If experts are to be believed, the automotive sector's longest stretch of continuous growth—more than a decade—is about to end. New vehicle sales are down across much of the globe, and the U.S. is expected to record sales below 17 million this year, the lowest since 2014.
Despite strong gross domestic product growth, a key indicator of economic success, the auto industry finds itself at the heart of uncertainty with sustained tariffs and trade wars, a shifting focus to autonomous and electric vehicles, tanking stock prices and competition from new market entrants.
The industry already is in transition, cutting workforce in spades ahead of any real continued fallout. The sector cut nearly 22,000 jobs in the U.S. through May, or 211 percent more than the same five months last year, according to data by Challenger, Gray and Christmas Inc. That's catching up quickly to the roughly 30,500 total from last year.
Pain, no doubt, is on the horizon for automotive suppliers and workers, but who suffers likely will be the result of business strategy.
Globally, automotive suppliers created $510 billion in shareholder value since the Great Recession, more than doubling the market value before the recession. But that growth was not equitable, according to research in Deloitte's 2019 Global Automotive Supplier Study released last week.
The top third of auto suppliers accounted for more than 99 percent of that growth, said Neal Ganguli, managing director and leader of the automotive supply base group for Deloitte.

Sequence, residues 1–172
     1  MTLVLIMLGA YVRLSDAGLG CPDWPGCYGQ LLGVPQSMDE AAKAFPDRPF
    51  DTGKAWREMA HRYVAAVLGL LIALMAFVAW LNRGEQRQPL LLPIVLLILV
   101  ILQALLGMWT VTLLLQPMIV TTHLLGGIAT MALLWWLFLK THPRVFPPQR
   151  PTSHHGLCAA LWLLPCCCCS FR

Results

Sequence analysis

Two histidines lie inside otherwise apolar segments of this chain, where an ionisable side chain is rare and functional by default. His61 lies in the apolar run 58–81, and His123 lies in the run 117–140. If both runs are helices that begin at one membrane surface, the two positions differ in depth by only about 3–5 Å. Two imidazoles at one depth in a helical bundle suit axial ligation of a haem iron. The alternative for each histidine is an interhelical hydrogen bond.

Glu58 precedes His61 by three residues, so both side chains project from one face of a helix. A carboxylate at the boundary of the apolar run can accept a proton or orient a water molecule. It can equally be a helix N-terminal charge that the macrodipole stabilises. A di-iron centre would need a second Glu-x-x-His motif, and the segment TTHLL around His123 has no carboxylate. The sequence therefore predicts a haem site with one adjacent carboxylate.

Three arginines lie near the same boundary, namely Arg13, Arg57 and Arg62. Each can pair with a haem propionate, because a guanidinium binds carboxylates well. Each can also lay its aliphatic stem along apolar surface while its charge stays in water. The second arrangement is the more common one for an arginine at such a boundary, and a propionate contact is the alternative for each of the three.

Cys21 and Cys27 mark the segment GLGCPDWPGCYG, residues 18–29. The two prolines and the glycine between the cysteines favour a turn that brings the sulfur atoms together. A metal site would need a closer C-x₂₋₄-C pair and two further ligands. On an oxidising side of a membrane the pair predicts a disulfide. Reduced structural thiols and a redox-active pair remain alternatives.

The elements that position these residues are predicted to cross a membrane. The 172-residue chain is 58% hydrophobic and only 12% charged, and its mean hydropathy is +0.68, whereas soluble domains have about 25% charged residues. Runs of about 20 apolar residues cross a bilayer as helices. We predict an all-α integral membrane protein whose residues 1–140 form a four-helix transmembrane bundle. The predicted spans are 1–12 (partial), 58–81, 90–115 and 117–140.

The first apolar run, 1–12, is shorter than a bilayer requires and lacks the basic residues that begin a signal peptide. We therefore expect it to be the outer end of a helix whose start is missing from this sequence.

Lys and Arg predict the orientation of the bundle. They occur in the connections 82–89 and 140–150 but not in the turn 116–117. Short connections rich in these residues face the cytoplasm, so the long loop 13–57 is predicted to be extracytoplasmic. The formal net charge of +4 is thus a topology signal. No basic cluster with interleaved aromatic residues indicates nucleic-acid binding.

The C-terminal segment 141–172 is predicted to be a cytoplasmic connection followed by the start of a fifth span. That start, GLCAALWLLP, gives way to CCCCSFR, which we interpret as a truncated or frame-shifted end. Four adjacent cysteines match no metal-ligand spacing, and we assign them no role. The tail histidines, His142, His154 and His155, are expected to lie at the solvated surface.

"Past success is no longer a guarantee of future earnings," Ganguli said. "The industry itself is going to grow, but the supply base is going to change and just because the cost of parts per vehicle is going to go up, it does not mean a rising tide is going to lift all boats."
But the previous decade's successes are being evaporated this year. Every Southeast Michigan supplier has reported troubling earnings for the first half of this year. For example, Plymouth-based Adient P.L.C. reported a loss of $321 million in the second quarter, Detroit-based American Axle & Manufacturing Holdings Inc. reported a net income drop of more than 65 percent and Auburn Hills-based BorgWarner Inc. reported a net income drop of 37 percent. Even the hot Aptiv P.L.C., which develops self-driving software, reported lower income, down 5 percent from the same quarter last year.
Crain's requested comment from several suppliers on restructuring plans and all declined or did not make an executive available.
And there doesn't appear to be any relief on the horizon.
"... we exited the second quarter with softer sales than anticipated, and we expect this to continue to impact us in the second half of 2019," American Axle Chairman and CEO David C. Dauch said in a statement released in early August.
The troubling market forces are likely to drive consolidation in the industry, Ganguli said, where suppliers are either on the hunt for stronger segments to add to their portfolio or will become part of someone else's.
"If you're in a commoditized sector, you're asking how you consolidate," Ganguli said. "How are you going to be the last one, two or three companies standing? Someone has to make axles, for example. Will it be you? The solution is to build scale, consolidate and be the cost leader or be ready to be consolidated."
Global supplier merger and acquisition activity is near record highs, according to PwC's 2019 Auto Supplier Consolidation study released at the Center for Automotive Research's Management Briefing Seminars in Traverse City. Global auto supplier deal values are expected to reach $44 billion in 2019, well above the average of $20 billion.
Most of the deals between July 2018-July 2019 were in the powertrain segment, followed by electronics systems, according to the study. For instance, Lake Forest, Ill.-based Tenneco Inc. closed on a $5.4 billion deal to acquire Southfield-based Federal-Mogul. The merger will result in two separate publicly traded companies.